A Word of Explanation

Welcome to my political commentary blog. I figured I’d use this introduction to explain how I arrived at writing this blog. I grew up as a Conservative Republican and went through college and law school essentially holding to those beliefs. Being an Evangelical Christian as well, I would have been considered a member of the Religious Right. However, over the last few years, I became increasingly disillusioned by the Republican party. For instance, I believe in conservative fiscal policy, so I could not agree with continuing massive tax cuts aimed at the wealthiest Americans while the country had a serious budget deficit which was only increasing due to fighting two wars. I am also a firm believer in the rule of law, so I took issue with the Bush administration using the cloak of national security to deny habeas corpus rights. Finally, the politics of fear & division used by the Bush political team, turned me off. Especially, their use of the War in Iraq, which I now believe was a major mistake.

In 2008, this caused me to do what 5 years before, I would have thought to be the unthinkable – I voted for a Democrat for President. In supporting Barack Obama and since I am an advocate by trade, I decided to write a political essay setting forth my rationale. I enjoyed the process so much, I was looking for an outlet to continue my political thoughts. When my cousin started a personal blog, it gave me the idea to start a political commentary blog.

Like the name suggests, I still consider my self a conservative as many of my political stands are conservative, but I definitely have a more progressive line of thinking. You should see both sides come out as I post. Some of the posts will be more analysis while others will be more editorial and take a position. I look forward to any feedback. Let me know if there is a topic you would like me to discuss (see my contact info at the bottom of this page).


Saturday, January 30, 2010

Footnote to the State of the Union

After watching some of the news coverage following the State of the Union, I was struck by how much coverage was given to one part of it – President Obama’s criticism of the recent Supreme Court decision which potentially will change the way campaigns are run and financed. You can click here to read my whole analysis of the decision in Citizens United v. Federal Election Commission, but in essence the Supreme Court held that corporations are free to use their own money to run advertisements in support or against a candidate that is running for election.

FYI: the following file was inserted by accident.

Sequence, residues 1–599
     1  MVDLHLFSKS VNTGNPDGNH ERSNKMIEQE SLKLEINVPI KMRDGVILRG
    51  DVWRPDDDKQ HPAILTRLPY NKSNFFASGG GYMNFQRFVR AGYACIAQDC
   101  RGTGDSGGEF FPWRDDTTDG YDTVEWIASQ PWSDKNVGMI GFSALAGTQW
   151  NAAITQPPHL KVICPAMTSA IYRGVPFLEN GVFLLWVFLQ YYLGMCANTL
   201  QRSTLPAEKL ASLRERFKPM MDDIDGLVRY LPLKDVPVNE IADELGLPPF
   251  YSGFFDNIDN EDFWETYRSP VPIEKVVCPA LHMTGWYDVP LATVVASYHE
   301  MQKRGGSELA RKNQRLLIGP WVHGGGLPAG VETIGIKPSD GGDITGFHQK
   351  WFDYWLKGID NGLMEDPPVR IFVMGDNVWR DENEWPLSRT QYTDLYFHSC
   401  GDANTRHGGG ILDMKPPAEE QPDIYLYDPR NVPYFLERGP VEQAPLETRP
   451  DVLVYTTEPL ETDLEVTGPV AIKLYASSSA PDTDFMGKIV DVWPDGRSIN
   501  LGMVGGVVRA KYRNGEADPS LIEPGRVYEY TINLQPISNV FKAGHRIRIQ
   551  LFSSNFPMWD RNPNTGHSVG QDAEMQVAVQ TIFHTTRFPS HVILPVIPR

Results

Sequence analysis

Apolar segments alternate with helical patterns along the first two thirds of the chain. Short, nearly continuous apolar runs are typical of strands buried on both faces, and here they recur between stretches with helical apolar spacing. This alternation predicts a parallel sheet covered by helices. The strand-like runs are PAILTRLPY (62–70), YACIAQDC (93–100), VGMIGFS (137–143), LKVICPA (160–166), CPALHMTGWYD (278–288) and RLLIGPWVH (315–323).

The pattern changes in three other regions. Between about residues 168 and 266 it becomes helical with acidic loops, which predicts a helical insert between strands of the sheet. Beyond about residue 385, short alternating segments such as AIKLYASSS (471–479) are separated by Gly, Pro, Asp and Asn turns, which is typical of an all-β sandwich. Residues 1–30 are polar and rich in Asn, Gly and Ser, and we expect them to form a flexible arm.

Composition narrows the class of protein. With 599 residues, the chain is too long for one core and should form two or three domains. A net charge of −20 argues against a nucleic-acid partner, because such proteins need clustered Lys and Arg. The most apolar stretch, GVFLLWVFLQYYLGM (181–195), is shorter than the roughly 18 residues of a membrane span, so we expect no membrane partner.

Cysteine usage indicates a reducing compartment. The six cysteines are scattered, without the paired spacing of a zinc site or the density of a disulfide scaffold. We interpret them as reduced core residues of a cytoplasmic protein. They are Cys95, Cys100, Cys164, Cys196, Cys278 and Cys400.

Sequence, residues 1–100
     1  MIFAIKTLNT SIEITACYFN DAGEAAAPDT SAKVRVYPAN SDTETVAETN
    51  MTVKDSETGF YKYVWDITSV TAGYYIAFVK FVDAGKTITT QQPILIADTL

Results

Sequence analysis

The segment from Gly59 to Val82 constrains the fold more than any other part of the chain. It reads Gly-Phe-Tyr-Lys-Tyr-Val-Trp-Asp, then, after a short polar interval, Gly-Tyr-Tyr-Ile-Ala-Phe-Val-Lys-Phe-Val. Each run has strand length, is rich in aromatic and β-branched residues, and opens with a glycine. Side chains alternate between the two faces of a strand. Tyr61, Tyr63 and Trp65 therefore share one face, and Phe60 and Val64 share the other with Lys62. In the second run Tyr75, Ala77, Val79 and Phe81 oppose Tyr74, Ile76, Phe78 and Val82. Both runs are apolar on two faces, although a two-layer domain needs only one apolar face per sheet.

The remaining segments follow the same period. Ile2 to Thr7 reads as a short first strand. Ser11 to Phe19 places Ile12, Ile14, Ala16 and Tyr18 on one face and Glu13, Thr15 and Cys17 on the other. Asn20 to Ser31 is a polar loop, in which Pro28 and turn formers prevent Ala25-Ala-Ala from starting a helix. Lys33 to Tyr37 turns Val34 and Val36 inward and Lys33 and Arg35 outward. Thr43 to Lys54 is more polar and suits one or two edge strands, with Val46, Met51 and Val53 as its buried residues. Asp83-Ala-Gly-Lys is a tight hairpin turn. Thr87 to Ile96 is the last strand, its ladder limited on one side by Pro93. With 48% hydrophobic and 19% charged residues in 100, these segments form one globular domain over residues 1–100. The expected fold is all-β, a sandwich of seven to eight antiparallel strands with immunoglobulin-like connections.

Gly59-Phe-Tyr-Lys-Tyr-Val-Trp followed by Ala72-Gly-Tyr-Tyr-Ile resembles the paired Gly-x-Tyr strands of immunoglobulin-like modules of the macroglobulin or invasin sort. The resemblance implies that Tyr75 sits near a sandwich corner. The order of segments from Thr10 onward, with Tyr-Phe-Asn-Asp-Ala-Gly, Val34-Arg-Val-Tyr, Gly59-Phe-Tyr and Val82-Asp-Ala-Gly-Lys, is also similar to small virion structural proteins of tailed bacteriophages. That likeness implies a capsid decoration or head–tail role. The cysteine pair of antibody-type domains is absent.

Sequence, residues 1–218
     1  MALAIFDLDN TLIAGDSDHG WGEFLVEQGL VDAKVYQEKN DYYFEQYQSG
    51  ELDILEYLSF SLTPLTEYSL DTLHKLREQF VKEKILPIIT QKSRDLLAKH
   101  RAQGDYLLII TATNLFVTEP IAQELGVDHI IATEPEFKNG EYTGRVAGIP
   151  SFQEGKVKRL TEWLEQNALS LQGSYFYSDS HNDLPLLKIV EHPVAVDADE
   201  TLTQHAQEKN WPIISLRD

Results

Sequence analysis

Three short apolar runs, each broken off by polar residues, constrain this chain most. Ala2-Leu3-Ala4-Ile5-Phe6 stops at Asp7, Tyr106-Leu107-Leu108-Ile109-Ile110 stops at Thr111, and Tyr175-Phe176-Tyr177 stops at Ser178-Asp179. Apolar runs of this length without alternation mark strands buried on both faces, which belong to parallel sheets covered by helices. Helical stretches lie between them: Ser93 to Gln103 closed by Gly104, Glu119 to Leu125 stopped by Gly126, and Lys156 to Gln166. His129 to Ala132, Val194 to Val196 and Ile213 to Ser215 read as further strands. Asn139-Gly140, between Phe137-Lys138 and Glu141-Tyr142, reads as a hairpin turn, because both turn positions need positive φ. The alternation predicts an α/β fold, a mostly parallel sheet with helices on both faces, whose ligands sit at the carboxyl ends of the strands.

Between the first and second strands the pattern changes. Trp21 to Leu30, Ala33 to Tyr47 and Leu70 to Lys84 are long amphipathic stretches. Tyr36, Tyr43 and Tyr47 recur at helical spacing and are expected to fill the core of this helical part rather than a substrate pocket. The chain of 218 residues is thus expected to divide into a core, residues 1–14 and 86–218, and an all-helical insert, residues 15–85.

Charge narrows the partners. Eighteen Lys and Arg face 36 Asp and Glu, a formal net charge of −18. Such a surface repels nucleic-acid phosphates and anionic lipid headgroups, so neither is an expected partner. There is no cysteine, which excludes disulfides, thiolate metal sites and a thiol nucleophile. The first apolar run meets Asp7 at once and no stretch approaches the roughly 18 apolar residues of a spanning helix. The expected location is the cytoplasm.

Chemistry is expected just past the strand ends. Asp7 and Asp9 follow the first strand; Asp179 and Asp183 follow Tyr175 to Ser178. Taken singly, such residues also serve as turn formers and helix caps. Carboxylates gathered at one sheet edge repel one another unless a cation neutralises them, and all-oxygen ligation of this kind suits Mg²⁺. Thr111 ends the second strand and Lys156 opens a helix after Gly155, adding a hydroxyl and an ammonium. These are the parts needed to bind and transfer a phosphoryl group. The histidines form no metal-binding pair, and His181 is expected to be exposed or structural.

In his speech, President Obama said, “With all due deference to separation of powers, last week, the Supreme Court reversed a century of law that I believe will open the floodgates for special interests, including foreign corporations, to spend without limit in our elections. I don’t think American elections should be bankrolled by America’s most powerful interests or, worse, by foreign entities. They should be decided by the American people. And I urge Democrats and Republicans to pass a bill that helps correct some of these problems.” At he same time, the cameras apparently caught Justice Samuel Alito (who voted with the majority and was appointed by President George W. Bush) mouthing the words, “that’s not true” or something of the like.

The next day both Republicans and Democrats predictably lined up to criticize one and defend the other (Obama or Alito). Republicans were critical of the President for criticizing the Supreme Court as they sat right there and said that he did step over the bounds of separation of powers. Democrats criticized Alito for reacting in an unprofessional manner for a Supreme Court Justice. While the Supreme Court routinely attends the State of the Union Address, they are seen as the non-political branch of the government and therefore, they sit there and just listen without any reaction. Part of a Judge or Justice’s disposition is such that they are not supposed to pre-judge issues and simply decide cases on their own merits completely outside the world of politics. As such, they are supposed to be a-political. Well, both parties struck me that their criticism and or defense smacked of hypocrisy.

For the Republicans to say that the sitting President should not criticize the Supreme Court during the State of the Union, what do they say about all the times Republican Presidents have criticized justices for being “activist” and especially during the State of the Union, I can recall Presidents Reagan and both Bush’s criticizing Roe v. Wade and President Reagan routinely asked for a constitutional amendment to overturn it. I never heard any criticism then. Also, what if the Republicans had won in 2008? Do they really think that “President McCain” would have avoided the red hot issue when he has been a champion of campaign finance reform for much of his career? As a Senator, he has been critical of the decision and I expect, “President McCain” would have had something very similar to say.

As for Democrats, they were critical of Justice Alito for saying that the President wasn’t correct. As a side note, there is a lot of chatter in the legal community as to whether President Obama was right regarding the issue of foreign corporations. There is a debate whether or not the Supreme Court decision would extend to foreign companies or be limited to American corporations, so for Justice Alito to say that the President was wrong, could be right when it comes to the foreign corporations possible involvement.